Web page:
Windows 10 patching process may leave enterprises vulnerable to zero-day attacks


Aryeh Goretsky

Editor: Martijn Grooten


Microsoft recently announced its new patch roll-out strategy for the latest incarnation of the Windows operating system. Aryeh Goretsky considers how the Windows 10 patching process might affect both the enterprise and the home user.

Last year, ESET presented a webinar [1] in which we discussed some of the improvements Windows 10 is bringing to Microsoft’s flagship operating system. At the time of the presentation, not much had been publicly revealed by Microsoft about how the new operating system would be patched, although we did note that Microsoft’s use of fast and slow release channels for updates could mean that some users might be subject to buggy updates, while others could be exploited by zero-day [2] vulnerabilities:

Windows updates reloaded

On 30 January, Microsoft published a new article in its Windows For Your Business blog, aptly titled ‘Windows 10 for Enterprise: More secure and up to date’ [3]. In the article, Microsoft explained its new patch roll-out strategy, which I will attempt to paraphrase below:

  • A new Long Term Servicing (LTS) branch for businesses to use on mission-critical systems will deliver security and critical updates, but no new features. This sounds similar to the LTS [4] plans currently used by Ubuntu [5] and the Mozilla Foundation [6]. One major apparent difference is that Windows 10 will have a much longer support cycle of ten years. This will comprise five years of mainstream support, followed by five years of extended support, as compared to Ubuntu’s five-year support and Mozilla’s one-year support model for their respective LTS branches.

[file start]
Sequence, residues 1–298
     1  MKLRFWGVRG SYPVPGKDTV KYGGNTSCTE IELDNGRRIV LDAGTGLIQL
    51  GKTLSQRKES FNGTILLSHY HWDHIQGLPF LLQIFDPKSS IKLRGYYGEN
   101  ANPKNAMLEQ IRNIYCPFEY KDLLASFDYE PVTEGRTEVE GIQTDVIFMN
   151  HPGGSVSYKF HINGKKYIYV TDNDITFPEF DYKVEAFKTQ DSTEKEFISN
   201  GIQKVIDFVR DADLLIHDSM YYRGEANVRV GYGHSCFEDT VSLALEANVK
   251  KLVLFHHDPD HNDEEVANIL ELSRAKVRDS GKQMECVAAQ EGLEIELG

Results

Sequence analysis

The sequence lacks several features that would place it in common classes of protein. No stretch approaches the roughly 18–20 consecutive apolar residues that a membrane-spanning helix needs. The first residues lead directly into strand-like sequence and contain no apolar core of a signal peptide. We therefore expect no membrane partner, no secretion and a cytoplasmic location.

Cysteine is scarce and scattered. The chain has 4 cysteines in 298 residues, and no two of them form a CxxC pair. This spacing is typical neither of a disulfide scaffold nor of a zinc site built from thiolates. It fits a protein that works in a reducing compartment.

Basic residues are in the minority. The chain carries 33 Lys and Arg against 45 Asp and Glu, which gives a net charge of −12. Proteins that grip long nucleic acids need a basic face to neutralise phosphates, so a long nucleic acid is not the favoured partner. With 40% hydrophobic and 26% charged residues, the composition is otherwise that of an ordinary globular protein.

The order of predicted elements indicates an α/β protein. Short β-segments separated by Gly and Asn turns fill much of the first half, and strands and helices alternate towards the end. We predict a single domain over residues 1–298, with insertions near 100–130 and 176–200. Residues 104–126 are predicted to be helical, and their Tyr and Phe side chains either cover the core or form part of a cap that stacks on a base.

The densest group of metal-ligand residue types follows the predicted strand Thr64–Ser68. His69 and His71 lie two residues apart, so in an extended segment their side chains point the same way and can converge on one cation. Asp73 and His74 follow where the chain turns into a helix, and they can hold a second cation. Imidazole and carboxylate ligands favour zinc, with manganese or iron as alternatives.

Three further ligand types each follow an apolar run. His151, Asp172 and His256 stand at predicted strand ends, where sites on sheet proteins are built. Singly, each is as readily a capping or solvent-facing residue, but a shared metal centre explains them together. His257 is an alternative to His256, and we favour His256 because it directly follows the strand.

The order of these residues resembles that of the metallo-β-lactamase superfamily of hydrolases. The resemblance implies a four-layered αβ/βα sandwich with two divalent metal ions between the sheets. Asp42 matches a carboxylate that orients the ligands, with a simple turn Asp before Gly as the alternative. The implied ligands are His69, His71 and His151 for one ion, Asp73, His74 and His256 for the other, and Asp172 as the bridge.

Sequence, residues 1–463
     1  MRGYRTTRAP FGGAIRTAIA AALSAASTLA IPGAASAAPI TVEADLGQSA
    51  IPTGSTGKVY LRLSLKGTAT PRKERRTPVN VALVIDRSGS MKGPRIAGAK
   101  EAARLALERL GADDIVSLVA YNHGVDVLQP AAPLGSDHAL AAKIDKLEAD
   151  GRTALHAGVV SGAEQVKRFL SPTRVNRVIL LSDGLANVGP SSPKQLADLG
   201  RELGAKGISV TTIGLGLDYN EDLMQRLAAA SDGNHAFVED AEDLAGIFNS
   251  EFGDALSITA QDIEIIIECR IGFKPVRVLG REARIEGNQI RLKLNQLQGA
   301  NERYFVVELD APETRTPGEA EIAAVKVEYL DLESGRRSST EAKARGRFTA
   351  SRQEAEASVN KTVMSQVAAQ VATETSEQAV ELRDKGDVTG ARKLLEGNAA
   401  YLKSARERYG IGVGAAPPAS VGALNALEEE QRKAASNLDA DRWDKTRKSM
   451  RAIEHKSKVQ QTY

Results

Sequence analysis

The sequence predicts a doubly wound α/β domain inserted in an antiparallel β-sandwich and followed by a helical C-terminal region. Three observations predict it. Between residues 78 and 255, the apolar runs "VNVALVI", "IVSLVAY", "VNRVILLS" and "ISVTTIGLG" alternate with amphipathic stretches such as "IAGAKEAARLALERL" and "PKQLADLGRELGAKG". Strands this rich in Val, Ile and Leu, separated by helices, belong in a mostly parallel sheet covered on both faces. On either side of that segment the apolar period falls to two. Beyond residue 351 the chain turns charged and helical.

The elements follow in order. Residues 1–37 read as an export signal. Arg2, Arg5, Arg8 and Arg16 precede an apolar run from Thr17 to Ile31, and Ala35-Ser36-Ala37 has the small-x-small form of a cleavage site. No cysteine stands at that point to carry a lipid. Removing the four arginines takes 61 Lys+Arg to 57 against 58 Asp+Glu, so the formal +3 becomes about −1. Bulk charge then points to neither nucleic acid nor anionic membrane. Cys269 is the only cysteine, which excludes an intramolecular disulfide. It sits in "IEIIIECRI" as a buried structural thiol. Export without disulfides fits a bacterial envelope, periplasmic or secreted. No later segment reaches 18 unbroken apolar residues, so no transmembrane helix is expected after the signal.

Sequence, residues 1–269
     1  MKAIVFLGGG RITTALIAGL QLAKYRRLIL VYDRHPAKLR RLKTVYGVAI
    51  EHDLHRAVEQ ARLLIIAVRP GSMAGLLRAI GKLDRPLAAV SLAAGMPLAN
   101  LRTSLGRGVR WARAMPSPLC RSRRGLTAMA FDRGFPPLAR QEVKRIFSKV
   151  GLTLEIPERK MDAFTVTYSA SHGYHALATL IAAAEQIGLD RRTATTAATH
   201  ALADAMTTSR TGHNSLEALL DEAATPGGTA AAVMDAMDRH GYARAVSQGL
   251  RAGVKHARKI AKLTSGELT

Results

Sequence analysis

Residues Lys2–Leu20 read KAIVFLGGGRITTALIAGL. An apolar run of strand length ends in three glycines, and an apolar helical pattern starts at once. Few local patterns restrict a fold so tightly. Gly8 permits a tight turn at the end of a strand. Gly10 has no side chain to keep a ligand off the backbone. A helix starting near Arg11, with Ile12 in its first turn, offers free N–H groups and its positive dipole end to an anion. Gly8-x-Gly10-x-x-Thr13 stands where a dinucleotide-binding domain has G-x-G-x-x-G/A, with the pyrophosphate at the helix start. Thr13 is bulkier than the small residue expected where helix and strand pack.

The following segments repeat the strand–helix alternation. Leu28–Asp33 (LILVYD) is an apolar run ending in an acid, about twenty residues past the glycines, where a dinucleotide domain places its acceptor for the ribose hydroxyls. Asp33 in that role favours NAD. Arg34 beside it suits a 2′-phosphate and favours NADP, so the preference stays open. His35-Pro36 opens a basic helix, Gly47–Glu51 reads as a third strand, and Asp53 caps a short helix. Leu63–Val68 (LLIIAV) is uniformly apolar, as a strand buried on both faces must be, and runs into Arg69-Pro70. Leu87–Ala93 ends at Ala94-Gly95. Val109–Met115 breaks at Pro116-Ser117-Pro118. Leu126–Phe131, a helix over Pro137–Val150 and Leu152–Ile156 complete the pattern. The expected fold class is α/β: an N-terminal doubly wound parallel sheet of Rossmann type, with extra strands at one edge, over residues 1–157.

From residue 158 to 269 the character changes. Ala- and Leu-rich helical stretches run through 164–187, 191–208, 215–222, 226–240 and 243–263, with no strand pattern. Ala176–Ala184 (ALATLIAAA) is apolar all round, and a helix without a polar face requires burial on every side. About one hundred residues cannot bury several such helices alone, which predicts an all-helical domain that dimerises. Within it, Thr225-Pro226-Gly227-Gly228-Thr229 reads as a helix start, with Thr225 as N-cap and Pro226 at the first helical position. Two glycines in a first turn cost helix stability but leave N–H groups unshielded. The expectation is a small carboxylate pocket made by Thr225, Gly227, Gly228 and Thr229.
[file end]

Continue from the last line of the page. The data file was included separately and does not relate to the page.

• A current branch for businesses will provide security updates on a regular basis. Feature updates will be deployed as well, but on a less frequent basis in order to allow businesses to plan for them.

  • Finally, consumers and Windows Insiders (Microsoft’s public beta test program) will receive all updates first – not just security and critical updates, but also new features and non-critical updates. Any bugs or crashes they come across in those updates will, presumably, be fixed before the updates are offered to enterprise users.